No doubt, everywhere the conscientious horse owner looks these days, she’s being bombarded with “Brace yourself! Winter is coming!” articles. One can only hear about testing your tank heater and increasing your horse’s hay rations so many times before you want to bang your head against the tack room door.
So today I wanted to try and go over some of my favorite tidbits I picked up over my years as a horse owner and farm sitter.
Water is essential for all biological functions and systems. Horses must have fresh and clean water available to them at all times. But you already knew that. The problem is not merely tossing a tank heater in and keeping the tank sparkling clean. The problem is actually getting your horse to keep drinking in cold weather. If you can get your horse to drink regularly and enthusiastically, you’ll dramatically cut down on his chances for colic. Luckily, there are a few easy solutions to get horses to start drinking (water) like it’s going out of style.
HorseHydrator is an easily portable eight-inch filter that you can fit onto the end of your hose that removes foreign smells and tastes from the water and encourages the horse to drink more. This ingenious product uses activated coconut carbon and a kinetic degradation fluxion (KDF) media to filter out chlorine, iron, lead, mercury, hydrogen sulfide, magnesium, calcium carbonate, chromium, algae, fungi, bacteria and other harmful contaminants in unfiltered water. Many users have remarked that their horses will drink up to twice as much of the filtered water as they did unfiltered water.
Redmond Rock Crushed Equine Minerals is a loose natural mineral sea salt blend. I sprinkle a little of it in my palm and let the horse lick it up as a snack after I ride. This will stimulate a thirst response and send the horse happily to the water tank to refuel without issue. If you are in a pinch, try keeping a bag of salty whole-grain tortilla chips at the barn and give your horse a few to munch on when you turn him out.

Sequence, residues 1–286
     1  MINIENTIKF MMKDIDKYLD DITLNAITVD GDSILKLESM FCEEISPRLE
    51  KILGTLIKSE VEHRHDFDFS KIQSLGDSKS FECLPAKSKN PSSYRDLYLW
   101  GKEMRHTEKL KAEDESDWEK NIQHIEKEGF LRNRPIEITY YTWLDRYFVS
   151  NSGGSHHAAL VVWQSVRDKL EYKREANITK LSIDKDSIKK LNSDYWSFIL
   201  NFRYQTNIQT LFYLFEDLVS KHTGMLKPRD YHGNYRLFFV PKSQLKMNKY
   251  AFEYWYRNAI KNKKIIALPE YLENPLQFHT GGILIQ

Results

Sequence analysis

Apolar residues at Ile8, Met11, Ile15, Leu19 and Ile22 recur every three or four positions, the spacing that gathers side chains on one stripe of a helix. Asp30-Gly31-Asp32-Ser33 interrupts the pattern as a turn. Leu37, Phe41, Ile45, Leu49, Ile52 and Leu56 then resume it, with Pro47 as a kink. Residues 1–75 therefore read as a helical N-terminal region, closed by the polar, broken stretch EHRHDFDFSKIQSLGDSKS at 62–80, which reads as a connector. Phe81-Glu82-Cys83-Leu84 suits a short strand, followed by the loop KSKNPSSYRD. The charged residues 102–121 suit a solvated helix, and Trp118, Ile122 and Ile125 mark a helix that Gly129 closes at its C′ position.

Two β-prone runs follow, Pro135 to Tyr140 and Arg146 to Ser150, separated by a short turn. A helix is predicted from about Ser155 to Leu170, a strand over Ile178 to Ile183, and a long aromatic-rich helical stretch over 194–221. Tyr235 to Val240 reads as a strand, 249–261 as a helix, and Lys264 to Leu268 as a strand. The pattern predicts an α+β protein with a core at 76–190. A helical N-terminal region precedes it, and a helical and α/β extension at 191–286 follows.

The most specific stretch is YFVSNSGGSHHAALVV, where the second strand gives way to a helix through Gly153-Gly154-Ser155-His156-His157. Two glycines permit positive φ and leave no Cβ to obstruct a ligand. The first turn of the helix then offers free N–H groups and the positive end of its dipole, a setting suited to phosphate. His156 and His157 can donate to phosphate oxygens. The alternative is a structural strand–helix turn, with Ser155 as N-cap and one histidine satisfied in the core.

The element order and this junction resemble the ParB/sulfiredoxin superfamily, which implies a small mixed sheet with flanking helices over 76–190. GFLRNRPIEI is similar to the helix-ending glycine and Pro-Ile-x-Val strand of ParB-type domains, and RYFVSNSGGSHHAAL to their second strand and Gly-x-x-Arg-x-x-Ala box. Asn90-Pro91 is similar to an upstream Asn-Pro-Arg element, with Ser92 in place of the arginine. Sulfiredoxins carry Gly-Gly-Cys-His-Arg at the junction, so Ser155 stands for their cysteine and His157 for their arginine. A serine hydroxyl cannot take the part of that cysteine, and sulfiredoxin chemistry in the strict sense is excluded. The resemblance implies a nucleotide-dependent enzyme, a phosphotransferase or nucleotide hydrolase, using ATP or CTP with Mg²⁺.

If your horse is blessed with lots of lovely leg chrome, you are probably well acquainted with the wet weather scourge of scratches. When faced with recurrent and nasty scab formations, it can be a nightmare to try to coordinate which topical treatments are best and how you might keep your horse’s legs dry when he insists on frolicking in puddles and taking daily mud bath spa treatments. One of the best things you can do to treat scratches in a horse that is particularly prone to this condition is preventing it from the inside out. Instead of reaching for some weird bag balm/tea tree oil/mtg/desitin/vetericyn/bacon grease concoction, try addressing the problem from the inside of the horse by boosting his immune system so that his body will be able to fight off the scratches bacteria before it breaches his skin. Omega Alpha Equine has some amazing products for immunity, especially their Immune Plus supplement, which contains the wonderful immunostimulant Echinacea that boosts production of white blood cells in the body.
On a more basic level, you can help your horse develop better circulation and a stronger resistance to infection by using a soft curry mitt to really rub down the lower legs and get the blood flowing to that area. Also, it doesn’t hurt to be a clean freak if you know your ponies delicate pasterns are vulnerable to skin infections.
If you’ve ever had to track down and buy your own hay, then you already know what to watch out for: dead critters, excessive amounts of stalky johnson grass, and moisture and mold. However, many hay buyers can’t point out or differentiate between poisonous weeds in hay and harmless legumes and other forage mixes. The most obvious plant to look out for is cattails, which resemble alfalfa blossoms at first glance, but when you run your hands through them you’ll find them hard and spiny. They can really do a number on your horse’s mouth. Additionally, there are hundreds and hundreds of other bad news plants that you could attempt to memorize and pick out from the good stuff. Or, you could trust the experts and send in a sample of hay to be tested in a lab.
Probably the easiest place to get an opinion on your hay quality would be your local extension agency, a lab certified by the National Forage Testing Agency, or a number of independent labs across the country.
Happy horsing around!